QUESTION: Have the sweeping education reforms passed in Indiana contributed to, or detracted from, teaching as a profession?
ANSWER: Long ago as a young parent, I hoped that one day one of my children might want to be a teacher, just like me. I was sure nothing would thrill me more. Then, when that day happened, when my second son told me he wanted to be a teacher, I had a sinking feeling in the pit of my stomach. I had to bite my lip to refrain from saying, “Oh, please, don’t do it.”
My son believes, as do I, that teaching is the profession from which all other professions are made possible. And yet, here I was, caught between my joy of seeing my son want to experience that, and the pain of wanting to prepare him for the realities he will face—not in the classroom or on the playground, but given the recent devastating education reform efforts, the uncertainties that come from the principal’s office and the Statehouse.
I did not want to tell him that today’s teachers feel devalued, degraded and demoralized. It used to be about educating the whole child: caring about their social development, training in good citizenship, developing critical thinking skills, creating a mind-set of living healthy through physical activity. All of this used to be done in a way that was developmentally appropriate, where students learned and were supported.
It was not perfect, but it worked. And every step of the way, teachers had been willing to talk about ways to improve the education system.
Today, however, none of that matters. I am reluctant to tell my son that now teachers are painted as incompetent or that they shun change and improvement. In truth, teachers have been ignored in the process of reform. Their opinions have not been included, their skills have not been appreciated, and their knowledge is rarely acknowledged.
The teacher of the whole child who could take teachable moments and make sure lessons reached all students in all modalities has been replaced with one who has a scripted set of lessons, everything timed precisely with no room for flexibility, one who must fill out forms, collect more data on each student than seems possible, one who has no support from administrators while being pushed to outperform a neighboring teacher to look better in the eyes of an evaluator.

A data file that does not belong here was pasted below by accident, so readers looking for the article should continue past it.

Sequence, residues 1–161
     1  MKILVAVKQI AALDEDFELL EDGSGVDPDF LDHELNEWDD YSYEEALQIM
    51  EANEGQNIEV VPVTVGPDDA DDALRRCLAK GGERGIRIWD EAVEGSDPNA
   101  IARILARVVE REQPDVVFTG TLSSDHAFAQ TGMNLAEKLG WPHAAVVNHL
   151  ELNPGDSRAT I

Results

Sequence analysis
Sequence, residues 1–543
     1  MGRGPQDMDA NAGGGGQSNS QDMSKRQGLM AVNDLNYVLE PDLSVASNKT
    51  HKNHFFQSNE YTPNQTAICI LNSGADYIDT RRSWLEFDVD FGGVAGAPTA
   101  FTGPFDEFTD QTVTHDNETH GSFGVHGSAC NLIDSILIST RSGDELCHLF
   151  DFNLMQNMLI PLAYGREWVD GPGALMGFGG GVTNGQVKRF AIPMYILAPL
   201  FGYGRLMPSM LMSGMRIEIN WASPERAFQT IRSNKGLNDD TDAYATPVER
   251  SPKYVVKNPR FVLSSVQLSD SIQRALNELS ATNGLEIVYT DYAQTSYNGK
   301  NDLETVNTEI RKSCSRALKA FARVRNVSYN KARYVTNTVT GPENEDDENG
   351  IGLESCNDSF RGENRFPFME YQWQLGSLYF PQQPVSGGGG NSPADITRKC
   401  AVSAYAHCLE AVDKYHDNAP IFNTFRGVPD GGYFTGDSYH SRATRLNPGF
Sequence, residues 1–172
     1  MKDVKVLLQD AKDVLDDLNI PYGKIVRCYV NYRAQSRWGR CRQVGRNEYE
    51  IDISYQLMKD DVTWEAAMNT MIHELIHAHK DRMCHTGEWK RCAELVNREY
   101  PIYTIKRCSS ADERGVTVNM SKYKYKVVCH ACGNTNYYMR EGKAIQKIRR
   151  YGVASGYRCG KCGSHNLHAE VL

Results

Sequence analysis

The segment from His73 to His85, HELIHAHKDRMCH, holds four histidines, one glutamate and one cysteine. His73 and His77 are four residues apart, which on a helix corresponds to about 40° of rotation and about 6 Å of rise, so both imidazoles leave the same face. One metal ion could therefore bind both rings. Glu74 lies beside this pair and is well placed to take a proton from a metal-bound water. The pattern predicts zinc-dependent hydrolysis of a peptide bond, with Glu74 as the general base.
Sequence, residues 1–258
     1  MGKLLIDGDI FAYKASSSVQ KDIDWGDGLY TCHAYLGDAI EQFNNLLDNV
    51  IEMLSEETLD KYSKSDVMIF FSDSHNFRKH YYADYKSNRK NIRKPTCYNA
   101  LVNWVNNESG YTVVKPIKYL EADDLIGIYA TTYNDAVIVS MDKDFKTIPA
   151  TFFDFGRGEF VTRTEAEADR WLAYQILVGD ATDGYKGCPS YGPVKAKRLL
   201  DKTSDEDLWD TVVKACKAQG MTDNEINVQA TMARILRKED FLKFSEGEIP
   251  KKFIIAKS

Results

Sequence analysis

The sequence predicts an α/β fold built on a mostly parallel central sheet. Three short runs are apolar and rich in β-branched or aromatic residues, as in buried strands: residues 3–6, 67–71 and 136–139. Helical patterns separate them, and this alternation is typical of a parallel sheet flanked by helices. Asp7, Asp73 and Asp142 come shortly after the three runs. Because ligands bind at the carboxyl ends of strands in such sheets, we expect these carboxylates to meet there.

What was once a well-respected and revered profession has become one of blame, distrust and sadness. Today, the Indiana Department of Education appears to have an attitude that teaching is just a stopover on the way to something better. The reform efforts have brought finger-pointing, and it seems that all of what ails public education falls on educators. Teachers should teach better, try harder, be smarter, and all with a vow of poverty. Measuring a teacher’s worth solely around the growth of a student or a small group of students is not and never will be a true measure.
I struggle to find answers for my son or for myself when I ask if the recent reform efforts improve the quality of education for students. Do they improve training for incoming teachers? Do they strengthen professional development for those already in the profession?
My experience tells me the answer to all these questions is an emphatic no. The reformers never intended to contribute to the profession. Education reform can be done successfully only with educators, not to educators. As for true education reform, my colleagues and I across the state are still waiting.
I will not discourage my son from seeking a career in education because I know that, at some point, educators and policymakers must work together to make the necessary investment for true education reform. Let’s start with those who know best how to educate.•
Meredith is vice president of the Indiana State Teachers Association and has taught for more than 18 years in Indiana schools. Send comments on this column to email@example.com.